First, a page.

How Brands, Not Institutions, Can Drive Culture
It’s no longer enough to make the best product and push it out to consumers; brands are expected to stand for something more.
For most of human history, public institutions have shaped, if not controlled, the building blocks of culture – the language, arts, conventions, beliefs and knowledge that bring meaning to our social lives. That influence is on the decline; now, commerce and our collective spending patterns play an increasingly important role as consumers voice their beliefs and values through the brands they choose to buy. At the same time, trust in and expectations of traditional institutions are declining, according to the Edelman Trust Barometer.
This shift has great implications for brands, as their ability to sell products and services is no longer an introspective look at what makes their product the fastest, lightest, cheapest or best looking and pushing that out to consumers. Rather, it reflects a new reality in which brands are expected to meaningfully participate in broader cultural conversations – a role once filled primarily by institutions like government, religion and academia. This is in addition to being additive community members, as 75 percent of global consumers now expect brands to contribute to their well-being and quality of life.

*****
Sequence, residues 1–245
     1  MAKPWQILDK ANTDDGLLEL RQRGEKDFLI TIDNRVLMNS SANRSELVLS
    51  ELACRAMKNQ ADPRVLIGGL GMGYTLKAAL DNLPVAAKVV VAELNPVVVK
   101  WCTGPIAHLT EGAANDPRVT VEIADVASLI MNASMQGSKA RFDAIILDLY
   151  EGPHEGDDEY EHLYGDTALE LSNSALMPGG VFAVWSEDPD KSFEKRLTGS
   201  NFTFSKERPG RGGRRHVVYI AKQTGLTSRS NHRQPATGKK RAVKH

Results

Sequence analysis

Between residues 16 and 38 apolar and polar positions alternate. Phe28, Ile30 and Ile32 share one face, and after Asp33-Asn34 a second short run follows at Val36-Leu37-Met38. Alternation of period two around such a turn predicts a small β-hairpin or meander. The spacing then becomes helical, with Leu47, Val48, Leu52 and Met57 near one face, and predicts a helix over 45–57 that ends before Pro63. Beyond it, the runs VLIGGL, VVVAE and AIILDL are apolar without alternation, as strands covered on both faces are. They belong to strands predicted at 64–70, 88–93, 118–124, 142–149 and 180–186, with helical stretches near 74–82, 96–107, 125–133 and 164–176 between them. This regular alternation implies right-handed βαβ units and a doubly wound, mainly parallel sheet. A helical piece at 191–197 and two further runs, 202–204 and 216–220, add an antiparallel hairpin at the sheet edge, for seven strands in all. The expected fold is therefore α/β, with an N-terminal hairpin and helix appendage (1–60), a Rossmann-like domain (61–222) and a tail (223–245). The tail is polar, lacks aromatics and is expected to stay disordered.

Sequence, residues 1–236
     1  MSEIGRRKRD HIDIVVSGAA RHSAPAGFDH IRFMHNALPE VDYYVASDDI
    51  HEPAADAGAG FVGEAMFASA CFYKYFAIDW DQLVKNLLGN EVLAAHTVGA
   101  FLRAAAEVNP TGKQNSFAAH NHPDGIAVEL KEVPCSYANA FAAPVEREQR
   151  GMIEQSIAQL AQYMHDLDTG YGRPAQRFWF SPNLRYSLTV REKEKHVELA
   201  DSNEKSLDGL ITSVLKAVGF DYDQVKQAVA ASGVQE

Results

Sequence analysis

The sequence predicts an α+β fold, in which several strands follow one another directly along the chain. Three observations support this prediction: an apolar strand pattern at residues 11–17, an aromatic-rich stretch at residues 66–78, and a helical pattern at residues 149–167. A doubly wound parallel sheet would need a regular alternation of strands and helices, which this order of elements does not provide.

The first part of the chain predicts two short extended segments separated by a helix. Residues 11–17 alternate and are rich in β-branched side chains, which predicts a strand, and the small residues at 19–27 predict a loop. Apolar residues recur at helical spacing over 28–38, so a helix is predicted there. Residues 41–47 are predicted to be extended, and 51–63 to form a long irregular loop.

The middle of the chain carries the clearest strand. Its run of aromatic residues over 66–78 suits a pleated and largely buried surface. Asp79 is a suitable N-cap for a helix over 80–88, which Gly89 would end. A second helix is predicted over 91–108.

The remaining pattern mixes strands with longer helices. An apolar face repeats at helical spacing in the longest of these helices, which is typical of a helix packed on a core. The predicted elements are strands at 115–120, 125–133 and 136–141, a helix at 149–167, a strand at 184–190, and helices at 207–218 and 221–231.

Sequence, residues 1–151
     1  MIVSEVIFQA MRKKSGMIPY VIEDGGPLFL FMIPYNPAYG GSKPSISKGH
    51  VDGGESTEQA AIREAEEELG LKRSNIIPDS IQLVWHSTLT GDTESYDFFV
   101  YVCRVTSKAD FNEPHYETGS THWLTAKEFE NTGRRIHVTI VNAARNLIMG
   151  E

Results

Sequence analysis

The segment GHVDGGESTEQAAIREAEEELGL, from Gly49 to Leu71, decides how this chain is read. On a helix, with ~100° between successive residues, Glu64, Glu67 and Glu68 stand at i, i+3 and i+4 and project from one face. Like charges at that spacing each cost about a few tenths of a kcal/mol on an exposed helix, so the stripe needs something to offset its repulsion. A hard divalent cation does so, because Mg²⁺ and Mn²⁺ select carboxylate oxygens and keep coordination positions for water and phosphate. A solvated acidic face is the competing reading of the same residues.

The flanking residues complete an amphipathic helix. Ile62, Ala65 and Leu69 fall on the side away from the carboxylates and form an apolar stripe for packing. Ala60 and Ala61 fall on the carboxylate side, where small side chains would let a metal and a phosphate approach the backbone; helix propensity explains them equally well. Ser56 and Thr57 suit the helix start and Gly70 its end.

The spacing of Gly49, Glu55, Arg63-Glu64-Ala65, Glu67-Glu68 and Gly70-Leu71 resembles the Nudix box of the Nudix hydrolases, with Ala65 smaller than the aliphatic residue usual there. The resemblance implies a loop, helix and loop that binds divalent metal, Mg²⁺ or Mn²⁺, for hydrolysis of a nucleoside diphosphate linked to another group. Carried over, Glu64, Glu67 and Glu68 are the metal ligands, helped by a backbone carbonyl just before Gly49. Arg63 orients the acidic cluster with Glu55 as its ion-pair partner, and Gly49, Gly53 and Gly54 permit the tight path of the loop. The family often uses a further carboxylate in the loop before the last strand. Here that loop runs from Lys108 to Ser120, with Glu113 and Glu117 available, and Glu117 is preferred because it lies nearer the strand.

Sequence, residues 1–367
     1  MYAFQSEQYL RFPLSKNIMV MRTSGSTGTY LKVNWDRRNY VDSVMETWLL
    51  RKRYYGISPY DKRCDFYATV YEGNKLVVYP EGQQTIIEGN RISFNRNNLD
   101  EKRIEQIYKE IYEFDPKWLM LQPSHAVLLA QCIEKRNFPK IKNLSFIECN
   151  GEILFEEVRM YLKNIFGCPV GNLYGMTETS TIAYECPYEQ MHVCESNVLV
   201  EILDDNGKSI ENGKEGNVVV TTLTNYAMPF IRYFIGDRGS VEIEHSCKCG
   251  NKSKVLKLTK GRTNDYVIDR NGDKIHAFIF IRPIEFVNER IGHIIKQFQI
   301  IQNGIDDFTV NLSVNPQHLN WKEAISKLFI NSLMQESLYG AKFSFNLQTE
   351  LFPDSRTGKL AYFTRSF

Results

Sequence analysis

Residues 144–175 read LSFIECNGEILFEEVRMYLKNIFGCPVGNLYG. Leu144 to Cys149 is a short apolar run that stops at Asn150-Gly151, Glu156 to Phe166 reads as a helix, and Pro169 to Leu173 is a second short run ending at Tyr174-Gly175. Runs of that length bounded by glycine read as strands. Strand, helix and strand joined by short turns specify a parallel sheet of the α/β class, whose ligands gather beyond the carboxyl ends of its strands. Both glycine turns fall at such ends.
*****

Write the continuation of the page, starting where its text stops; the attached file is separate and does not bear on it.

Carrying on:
There are a multitude of ways in which brands are doing this, from preserving and promoting art, as textile company Kvadrat and Korean eyewear brand Gentle Monster do, to intentionally creating social hubs that serve as “third spaces” offering cultural programming that drives how a city or community sees itself, as Apple’s Town Squares and Mini’s A/D/O are designed to do.